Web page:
Oral, injected and implanted contraceptives and breast cancer risk among U.S. Hispanic and non-Hispanic white women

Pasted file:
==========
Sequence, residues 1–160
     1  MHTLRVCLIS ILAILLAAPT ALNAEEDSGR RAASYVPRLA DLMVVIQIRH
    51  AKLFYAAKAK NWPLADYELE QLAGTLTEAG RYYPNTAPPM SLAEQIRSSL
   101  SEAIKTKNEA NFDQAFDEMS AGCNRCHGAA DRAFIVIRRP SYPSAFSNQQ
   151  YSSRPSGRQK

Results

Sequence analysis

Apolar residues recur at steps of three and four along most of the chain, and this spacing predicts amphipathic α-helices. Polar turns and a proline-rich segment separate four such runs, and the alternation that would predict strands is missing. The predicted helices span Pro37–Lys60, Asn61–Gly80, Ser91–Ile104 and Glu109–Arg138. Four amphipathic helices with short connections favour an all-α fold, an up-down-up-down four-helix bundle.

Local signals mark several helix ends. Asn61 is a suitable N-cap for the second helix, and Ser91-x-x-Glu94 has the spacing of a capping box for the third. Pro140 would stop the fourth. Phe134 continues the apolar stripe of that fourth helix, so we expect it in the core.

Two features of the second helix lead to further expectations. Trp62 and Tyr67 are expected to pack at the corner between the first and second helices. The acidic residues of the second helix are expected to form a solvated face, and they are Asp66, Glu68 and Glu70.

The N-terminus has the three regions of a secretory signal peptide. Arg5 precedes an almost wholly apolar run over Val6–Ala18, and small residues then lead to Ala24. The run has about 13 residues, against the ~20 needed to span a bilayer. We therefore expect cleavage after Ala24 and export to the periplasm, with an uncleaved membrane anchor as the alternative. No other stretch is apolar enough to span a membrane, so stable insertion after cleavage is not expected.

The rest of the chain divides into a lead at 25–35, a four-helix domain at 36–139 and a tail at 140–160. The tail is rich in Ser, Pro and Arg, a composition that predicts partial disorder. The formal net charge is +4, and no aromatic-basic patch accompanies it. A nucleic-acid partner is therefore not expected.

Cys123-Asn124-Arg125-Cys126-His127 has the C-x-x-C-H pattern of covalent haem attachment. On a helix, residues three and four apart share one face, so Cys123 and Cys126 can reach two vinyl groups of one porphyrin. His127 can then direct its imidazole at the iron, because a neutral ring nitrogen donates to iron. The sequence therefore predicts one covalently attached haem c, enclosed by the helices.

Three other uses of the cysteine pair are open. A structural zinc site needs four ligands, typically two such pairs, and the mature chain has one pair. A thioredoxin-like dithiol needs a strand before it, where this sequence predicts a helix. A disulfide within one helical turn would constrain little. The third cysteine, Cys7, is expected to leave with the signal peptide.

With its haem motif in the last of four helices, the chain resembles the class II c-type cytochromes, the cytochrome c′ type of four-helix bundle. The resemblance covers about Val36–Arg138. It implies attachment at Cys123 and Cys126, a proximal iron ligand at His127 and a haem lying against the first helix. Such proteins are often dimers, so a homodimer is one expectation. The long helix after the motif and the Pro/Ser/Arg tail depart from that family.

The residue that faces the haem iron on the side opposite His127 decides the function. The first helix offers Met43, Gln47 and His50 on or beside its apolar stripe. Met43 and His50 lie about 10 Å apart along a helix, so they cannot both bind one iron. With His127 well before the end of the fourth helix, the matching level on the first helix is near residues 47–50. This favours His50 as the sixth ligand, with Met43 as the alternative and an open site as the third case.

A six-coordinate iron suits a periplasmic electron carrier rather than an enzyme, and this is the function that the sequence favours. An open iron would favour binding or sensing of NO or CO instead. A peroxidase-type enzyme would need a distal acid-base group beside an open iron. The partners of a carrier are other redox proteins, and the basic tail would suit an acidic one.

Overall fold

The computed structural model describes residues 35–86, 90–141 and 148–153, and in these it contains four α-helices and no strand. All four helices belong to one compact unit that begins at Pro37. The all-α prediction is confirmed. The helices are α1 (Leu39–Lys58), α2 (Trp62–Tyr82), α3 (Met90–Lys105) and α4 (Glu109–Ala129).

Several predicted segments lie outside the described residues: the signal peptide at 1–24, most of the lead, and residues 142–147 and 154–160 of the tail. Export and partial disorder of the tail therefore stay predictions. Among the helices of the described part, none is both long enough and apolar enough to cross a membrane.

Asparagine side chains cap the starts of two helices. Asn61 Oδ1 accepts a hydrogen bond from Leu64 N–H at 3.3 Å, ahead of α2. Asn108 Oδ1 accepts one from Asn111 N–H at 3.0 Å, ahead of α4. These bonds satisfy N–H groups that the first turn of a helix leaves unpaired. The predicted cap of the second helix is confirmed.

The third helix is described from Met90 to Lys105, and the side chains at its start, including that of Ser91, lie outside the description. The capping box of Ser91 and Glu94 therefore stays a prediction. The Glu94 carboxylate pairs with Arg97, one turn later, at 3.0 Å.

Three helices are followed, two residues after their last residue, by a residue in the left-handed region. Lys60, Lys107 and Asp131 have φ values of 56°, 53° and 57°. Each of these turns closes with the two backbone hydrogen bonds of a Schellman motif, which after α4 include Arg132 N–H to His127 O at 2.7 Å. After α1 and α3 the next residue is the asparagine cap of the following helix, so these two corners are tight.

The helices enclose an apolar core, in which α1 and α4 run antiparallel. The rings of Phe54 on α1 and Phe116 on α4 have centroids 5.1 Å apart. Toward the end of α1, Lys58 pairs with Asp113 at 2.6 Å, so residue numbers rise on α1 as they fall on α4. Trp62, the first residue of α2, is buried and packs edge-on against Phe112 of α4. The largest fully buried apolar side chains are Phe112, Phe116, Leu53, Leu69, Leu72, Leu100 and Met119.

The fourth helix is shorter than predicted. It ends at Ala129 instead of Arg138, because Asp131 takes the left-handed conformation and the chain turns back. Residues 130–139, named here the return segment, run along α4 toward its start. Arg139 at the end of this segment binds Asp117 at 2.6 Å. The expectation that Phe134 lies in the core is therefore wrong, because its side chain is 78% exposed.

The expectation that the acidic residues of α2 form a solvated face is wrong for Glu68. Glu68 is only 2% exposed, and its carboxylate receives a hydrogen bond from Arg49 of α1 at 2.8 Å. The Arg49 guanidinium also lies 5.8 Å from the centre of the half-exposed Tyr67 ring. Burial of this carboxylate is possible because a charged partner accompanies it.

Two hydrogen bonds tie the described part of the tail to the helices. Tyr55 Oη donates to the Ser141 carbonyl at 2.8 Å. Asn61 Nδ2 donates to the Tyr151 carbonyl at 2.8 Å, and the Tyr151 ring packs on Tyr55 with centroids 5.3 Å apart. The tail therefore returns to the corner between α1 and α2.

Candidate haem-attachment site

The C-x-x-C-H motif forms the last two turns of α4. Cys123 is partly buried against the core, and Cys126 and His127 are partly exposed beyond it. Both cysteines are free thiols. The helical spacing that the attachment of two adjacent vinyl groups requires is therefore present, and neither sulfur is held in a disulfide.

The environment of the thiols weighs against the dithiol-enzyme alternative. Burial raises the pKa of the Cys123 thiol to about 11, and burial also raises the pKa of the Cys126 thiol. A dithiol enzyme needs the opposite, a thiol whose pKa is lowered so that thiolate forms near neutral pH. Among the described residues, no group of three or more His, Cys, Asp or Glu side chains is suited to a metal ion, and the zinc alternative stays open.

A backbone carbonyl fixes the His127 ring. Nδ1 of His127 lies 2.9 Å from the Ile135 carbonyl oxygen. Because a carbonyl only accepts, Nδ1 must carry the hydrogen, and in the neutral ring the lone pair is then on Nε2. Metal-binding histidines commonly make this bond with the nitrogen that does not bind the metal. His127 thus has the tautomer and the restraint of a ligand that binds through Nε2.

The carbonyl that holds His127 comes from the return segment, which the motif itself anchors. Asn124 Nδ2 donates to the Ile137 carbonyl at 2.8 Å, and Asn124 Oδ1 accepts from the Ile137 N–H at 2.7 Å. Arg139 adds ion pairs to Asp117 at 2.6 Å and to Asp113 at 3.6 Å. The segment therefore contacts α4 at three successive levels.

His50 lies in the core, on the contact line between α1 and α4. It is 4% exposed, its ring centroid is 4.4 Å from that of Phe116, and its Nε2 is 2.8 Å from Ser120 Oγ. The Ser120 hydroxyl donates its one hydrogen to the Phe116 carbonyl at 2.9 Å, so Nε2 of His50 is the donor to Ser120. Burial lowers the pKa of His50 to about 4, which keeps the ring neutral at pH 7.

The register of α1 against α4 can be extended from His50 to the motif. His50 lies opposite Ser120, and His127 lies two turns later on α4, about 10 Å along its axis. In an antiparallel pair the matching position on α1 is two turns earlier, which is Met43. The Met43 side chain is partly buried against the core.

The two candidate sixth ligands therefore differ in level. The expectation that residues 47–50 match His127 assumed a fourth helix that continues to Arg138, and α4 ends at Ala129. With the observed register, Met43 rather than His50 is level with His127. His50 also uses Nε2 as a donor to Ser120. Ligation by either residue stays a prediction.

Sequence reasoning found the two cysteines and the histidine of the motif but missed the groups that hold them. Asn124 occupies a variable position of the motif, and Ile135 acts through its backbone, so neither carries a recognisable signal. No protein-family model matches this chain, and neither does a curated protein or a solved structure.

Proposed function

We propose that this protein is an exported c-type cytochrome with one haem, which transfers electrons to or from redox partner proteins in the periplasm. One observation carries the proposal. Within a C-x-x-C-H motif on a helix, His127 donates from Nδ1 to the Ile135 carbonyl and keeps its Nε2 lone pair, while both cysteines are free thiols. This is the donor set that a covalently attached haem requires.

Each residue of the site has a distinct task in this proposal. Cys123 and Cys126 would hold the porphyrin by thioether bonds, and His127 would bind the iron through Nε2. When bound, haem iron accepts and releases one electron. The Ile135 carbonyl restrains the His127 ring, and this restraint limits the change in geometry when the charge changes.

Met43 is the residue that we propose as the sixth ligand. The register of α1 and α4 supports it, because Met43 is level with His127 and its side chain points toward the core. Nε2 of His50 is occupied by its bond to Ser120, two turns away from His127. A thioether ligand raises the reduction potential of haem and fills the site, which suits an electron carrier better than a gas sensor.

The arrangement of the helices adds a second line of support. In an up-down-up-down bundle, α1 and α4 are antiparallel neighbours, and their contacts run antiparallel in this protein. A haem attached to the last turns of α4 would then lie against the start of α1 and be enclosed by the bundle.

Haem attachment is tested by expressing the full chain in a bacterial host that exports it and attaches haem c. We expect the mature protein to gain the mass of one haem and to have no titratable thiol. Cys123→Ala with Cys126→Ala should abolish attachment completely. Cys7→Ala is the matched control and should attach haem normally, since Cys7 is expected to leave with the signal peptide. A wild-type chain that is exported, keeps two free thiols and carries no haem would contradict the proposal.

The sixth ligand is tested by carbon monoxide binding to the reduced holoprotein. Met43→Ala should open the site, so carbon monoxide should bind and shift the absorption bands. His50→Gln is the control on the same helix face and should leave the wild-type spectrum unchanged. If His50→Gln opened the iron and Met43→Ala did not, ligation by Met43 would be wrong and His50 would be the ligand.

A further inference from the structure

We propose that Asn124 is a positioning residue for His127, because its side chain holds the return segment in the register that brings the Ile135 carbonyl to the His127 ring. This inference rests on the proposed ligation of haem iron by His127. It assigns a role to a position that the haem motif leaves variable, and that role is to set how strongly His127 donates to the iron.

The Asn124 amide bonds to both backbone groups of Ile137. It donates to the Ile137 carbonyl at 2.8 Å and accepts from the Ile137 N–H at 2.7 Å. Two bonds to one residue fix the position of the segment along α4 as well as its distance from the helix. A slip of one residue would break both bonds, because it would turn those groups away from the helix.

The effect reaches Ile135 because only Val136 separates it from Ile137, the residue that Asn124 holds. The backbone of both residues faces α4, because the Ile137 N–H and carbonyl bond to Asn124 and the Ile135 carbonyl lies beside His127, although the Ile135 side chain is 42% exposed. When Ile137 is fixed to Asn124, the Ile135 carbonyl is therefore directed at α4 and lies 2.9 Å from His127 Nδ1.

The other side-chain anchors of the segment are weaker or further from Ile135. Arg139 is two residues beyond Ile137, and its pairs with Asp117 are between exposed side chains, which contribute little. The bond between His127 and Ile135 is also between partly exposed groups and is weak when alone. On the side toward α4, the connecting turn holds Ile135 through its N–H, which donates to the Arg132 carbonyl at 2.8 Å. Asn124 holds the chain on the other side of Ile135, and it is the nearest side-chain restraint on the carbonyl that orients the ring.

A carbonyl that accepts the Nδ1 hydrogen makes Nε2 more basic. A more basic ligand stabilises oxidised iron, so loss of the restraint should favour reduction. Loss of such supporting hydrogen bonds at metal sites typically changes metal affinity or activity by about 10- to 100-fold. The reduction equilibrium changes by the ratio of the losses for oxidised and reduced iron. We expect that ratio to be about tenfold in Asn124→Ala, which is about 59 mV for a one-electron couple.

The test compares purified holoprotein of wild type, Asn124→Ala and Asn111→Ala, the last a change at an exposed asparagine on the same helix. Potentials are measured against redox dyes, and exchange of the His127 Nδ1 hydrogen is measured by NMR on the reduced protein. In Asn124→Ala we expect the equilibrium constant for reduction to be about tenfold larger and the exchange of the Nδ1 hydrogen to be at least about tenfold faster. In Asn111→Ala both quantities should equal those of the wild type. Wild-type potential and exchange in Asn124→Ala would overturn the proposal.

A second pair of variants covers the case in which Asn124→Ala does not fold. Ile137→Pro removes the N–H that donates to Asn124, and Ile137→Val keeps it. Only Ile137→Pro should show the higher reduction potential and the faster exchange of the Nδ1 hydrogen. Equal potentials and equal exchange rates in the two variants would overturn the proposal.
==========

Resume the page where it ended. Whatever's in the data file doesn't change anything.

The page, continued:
Associations between oral contraceptive (OC) use and breast cancer have been reported, but few studies have considered associations in racial and ethnic minorities. Data regarding injected or implanted hormonal contraceptives are limited. In a case–control study of Hispanic (796 cases, 919 controls) and non-Hispanic white (1,522 cases, 1,596 controls) women in the U.S. southwest interviewed in 2000–2005, 49% of Hispanic controls and 66% of non-Hispanic white controls reported having used OC. Breast cancer odds ratios (OR) associated with OC use within the past 5 years were 1.22 (95% confidence interval (CI) 0.80, 1.84) among Hispanics, 1.28 (95% CI 0.93, 1.76) among non-Hispanic whites, 1.27 (95% CI 0.99, 1.63) for both ethnic groups combined and 1.53 (95% CI 0.98, 2.40) for estrogen receptor (ER) negative tumors. OC use for 20 years or longer was associated with ORs of 1.50 (95% CI 1.04, 2.17) for both ethnic groups combined, and 2.23 (95% CI 1.17, 4.25) for ER negative tumors. Hormonal contraceptive injections were used by 3.3% of Hispanic controls and 2.8% of non-Hispanic white controls, OR 1.23 (95% CI 0.88, 1.73). Fifteen cases and 2 controls reported use of a subdermal contraceptive implant, OR 8.59 (95% CI 1.92, 38.39). Associations between OC use and breast cancer in Hispanics are consistent with modestly increased risk among recent users and for ER negative tumors, as observed in other populations. Based on a small number of users of contraceptive implants, a significantly increased breast cancer risk was observed; continued surveillance of implant users may be warranted. © 2007 Wiley-Liss, Inc.